Carriers are also beginning to look at extraordinary measures to avoid congestion on the West Coast, with at least one line supplementing its regularly-scheduled weekly all-water services to the East Coast with ad-hoc sailings of additional ships, known as extra-loaders, on all-water services to the East Coast.

NY-NJ truckers: New year, same chassis problems

New York-New Jersey port truckers say chassis shortages and dislocations have continued into 2015 while industry officials work to develop a port wide pool of interchangeable “gray” chassis by mid-year.

Truckers at Tuesday’s monthly meeting of the Association of Bi-State Motor Carriers said chassis shortages have worsened since the holidays.

Several drayage company officials said their drivers are forced to scrounge for chassis and accept defective units that must be repaired before they can be taken on the road.

“We’re spending half a day just to get a chassis that we’ve paid for,” said John Kruse, owner of J-Way Co. in Hillside, New Jersey. He said waiting on the repairs is a waste of drivers’ time and is akin to renting a car, then having to take it to the shop for an oil change.

Container lessors blame shortages of International Longshoremen’s Association mechanics at terminals, equipment dislocations following the holidays, and hoarding of equipment by truckers worried about chassis availability. Lessors say they’re paying copious amounts of overtime to mechanics, and are bringing in newer chassis to replace worn-out units.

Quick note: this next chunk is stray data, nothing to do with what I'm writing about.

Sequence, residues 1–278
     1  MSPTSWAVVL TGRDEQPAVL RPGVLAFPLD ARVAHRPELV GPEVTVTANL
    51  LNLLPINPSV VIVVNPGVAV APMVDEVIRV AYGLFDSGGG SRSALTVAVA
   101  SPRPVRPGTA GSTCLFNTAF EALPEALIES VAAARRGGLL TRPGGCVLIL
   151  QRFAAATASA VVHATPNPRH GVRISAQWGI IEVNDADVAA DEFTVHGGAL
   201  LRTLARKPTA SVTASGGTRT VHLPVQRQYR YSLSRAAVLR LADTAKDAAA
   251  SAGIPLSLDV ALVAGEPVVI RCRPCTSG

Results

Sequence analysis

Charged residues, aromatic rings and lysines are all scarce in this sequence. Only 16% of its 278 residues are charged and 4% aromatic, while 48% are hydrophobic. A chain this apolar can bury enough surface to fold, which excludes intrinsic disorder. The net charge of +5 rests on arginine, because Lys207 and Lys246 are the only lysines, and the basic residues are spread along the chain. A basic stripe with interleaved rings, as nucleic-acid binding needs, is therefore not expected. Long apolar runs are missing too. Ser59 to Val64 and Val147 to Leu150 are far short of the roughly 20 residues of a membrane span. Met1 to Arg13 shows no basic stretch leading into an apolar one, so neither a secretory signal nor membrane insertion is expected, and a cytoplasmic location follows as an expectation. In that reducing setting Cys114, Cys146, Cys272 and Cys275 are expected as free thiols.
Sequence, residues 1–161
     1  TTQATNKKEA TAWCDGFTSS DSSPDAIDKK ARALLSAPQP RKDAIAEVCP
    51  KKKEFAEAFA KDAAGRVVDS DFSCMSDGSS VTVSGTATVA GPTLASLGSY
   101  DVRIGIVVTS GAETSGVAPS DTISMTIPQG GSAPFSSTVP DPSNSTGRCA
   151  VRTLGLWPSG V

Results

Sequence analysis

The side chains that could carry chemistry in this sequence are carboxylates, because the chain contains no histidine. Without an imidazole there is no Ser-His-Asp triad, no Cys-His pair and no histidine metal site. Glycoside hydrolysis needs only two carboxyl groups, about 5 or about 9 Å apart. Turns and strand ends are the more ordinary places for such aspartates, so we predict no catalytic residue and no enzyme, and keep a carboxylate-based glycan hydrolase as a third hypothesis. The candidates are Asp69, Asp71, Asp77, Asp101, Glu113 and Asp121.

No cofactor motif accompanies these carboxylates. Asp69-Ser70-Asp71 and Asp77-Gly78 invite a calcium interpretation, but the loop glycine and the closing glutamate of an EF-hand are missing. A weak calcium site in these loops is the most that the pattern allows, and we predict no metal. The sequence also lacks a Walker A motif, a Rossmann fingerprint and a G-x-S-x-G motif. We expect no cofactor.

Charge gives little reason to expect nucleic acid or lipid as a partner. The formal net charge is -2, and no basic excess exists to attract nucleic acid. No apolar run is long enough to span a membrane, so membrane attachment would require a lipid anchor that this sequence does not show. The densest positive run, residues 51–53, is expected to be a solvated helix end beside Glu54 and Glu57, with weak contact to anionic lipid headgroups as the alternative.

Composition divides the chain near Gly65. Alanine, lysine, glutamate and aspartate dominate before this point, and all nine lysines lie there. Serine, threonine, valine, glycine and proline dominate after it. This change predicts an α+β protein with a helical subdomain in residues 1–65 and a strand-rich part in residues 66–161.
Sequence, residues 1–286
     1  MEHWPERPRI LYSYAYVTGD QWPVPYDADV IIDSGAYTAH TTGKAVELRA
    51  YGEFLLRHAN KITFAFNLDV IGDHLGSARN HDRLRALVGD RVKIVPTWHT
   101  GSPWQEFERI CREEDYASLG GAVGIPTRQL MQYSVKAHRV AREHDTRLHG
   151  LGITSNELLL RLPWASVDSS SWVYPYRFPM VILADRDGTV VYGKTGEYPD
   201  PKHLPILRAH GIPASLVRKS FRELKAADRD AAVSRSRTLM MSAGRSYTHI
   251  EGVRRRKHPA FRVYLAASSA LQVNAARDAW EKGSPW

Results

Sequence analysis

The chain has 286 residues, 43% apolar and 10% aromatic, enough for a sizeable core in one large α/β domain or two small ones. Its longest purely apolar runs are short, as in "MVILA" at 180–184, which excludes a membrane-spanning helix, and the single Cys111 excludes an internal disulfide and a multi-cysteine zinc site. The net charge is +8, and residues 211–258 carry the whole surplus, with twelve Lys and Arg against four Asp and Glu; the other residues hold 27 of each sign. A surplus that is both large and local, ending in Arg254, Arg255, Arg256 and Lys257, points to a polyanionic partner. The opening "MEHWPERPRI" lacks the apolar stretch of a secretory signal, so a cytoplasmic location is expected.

Chassis have been a source of contention since most ocean carriers began exiting chassis ownership and transferred their chassis to leasing companies. The transition, which began five years ago, has been bumpy, especially in port areas such as New York-New Jersey and Los Angeles-Long Beach.

New York-New Jersey chassis problems have been aggravated by shortages of mechanics, especially at marine terminals. Terminals’ mechanics often are pulled away from basic readability repairs and reassigned to more-urgent tasks such as work on refrigerated containers.

Beth Rooney, the Port Authority of New York and New Jersey’s assistant director for port performance initiatives, acknowledged the difficulty that truckers face with chassis but said the planned portwide chassis pool should alleviate many of the problems.

The Council on Port Performance, an industrywide group working to implement recommendations of a port performance task force, will launch the port wide pool by the middle of this year.

The pool will be centrally managed, and will allow full interchange of chassis among the three lessors that now provide most chassis in the port. Other chassis providers also could participate in the gray pool.

“We’re all aware of the problems,” Rooney said. “Is there a plan in place? Yes. Is it taking longer than we’d like? Yes. But we’re we’re making good progress toward having a gray chassis pool. I can see the horizon now.”

Marisol International News Bulletin; Carriers Temporarily Omit Oakland Port Call

Carriers Temporarily Omit Oakland Port Call